Meanwhile, all Real Housewives stars reportedly can't sue one another unless they want to also take on Bravo, as Carole Radziwill could attest when she told BuzzFeed that she was unable to sue her colleague, Aviva Drescher, for defamation because she'd signed that right away in her RHONY contract. On a similar note, The New Zealand Herald reported that The Real Housewives of Auckland were forced to forfeit any right to the use of their "name, likeness, nickname and voice throughout the universe." 

It seems the price of Bravo fame is high — but The Real Housewives starlets still keep coming back season after season for that Bravo superstardom.

The reason why Lala Kent's fiance was a mystery man on Vanderpump Rules

Lala Kent is engaged to the man she loves, but navigating this relationship on a reality show was ... complicated. She started seeing Hollywood producer Randall Emmett in early 2016, but they didn't go public until January 2018. Why the two-year secret? Probably because his divorce from ex-wife Ambyr Childers wasn't finalized until December 2017. Kent tried, with difficulty, to shield her now-fiancé's identity from viewers, but after joining the Vanderpump Rules cast for Season 4, Kent quit halfway through the following season when her fellow cast members repeatedly questioned her relationship with Emmett, whom she simply referenced as "my man." She later told Entertainment Tonight, "It takes a lot of energy to constantly call someone, like, 'My man, my man, my man.'" 

After announcing she was leaving the show, Kent explained her reasons to E! News: "I think just the negativity finally got to me. I'm not good at separating real life from work, so it started trickling into my everyday relationships with people who have nothing to do with the show and once that started happening that was like not OK anymore." Kent was similarly grilled by castmates at the Season 5 reunion show, but she stood her ground after receiving sage advice from Andy Cohen to "be heard." 

After going public with her relationship, Kent rejoined the cast of Vanderpump Rules, and Emmett has made frequent appearances alongside his lady love.

Bravo's own Andy Cohen and Kathy Griffin have a long, sordid history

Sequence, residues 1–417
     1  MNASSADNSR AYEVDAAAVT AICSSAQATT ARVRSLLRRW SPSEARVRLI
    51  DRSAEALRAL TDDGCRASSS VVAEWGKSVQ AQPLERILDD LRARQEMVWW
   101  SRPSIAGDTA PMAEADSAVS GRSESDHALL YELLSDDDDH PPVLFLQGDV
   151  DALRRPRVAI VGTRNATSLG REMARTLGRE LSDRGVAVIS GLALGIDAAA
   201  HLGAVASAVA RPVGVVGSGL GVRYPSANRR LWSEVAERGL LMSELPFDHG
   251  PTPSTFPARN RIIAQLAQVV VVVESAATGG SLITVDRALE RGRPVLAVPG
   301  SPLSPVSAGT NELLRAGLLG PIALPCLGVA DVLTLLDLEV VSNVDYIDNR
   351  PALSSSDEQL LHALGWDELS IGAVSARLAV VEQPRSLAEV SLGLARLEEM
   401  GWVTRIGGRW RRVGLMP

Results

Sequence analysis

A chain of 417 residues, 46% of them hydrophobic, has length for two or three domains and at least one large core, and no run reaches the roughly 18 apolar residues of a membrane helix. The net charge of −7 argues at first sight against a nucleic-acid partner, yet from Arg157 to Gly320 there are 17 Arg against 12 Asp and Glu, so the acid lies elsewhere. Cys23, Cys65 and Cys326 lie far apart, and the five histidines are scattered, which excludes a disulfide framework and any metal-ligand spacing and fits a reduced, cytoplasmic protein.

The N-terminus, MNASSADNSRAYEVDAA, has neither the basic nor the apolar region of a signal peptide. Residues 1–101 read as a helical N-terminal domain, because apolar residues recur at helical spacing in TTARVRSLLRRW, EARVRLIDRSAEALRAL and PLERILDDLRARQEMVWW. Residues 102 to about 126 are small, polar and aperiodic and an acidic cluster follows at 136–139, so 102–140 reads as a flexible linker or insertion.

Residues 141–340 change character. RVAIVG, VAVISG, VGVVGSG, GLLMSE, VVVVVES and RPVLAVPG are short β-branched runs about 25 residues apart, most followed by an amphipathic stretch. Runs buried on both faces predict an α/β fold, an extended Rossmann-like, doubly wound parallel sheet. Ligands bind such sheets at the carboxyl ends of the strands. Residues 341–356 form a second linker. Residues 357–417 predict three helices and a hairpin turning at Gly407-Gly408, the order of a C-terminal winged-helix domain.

Kathy Griffin is perhaps most famous for ... not being famous. My Life On the D-List, produced by Andy Cohen, chronicled her everyday antics, which usually involved lightheartedly humiliating herself and anyone in her path. However, both D-List and Griffin's subsequent talk show, Kathy, were eventually canceled by Bravo. And there appears to be no love lost between Griffin and Cohen, but tensions boiled over in 2017. 

Griffin infamously hit a career low after posing for a purportedly satirical photograph depicting herself holding a gruesome decapitated replica of President Donald Trump's head. Later telling The Daily Beast that she was investigated for "conspiracy to assassinate the president of the United States" following the photo's release, the comedian lost almost all of her work, including hosting CNN's New Year's Eve special with longtime pal Anderson Cooper. After Cooper condemned the snapshot via Twitter, Griffin retaliated by lobbing public insults at him, ushering in the demise of their friendship. 

When Cohen was named as her replacement for the CNN gig, Griffin described him as "deeply misogynistic" and claimed he treated her "like a dog" when producing her shows, which he alleged to USA Today was untrue. We don't know what started the Griffin/Cohen feud, but an iconic pop culture moment stemmed from it: Cohen pulled out the "shady boot" when TMZ asked him about Griffin's comments. Embodying Mariah Carey, he simply responded, "I don't know her."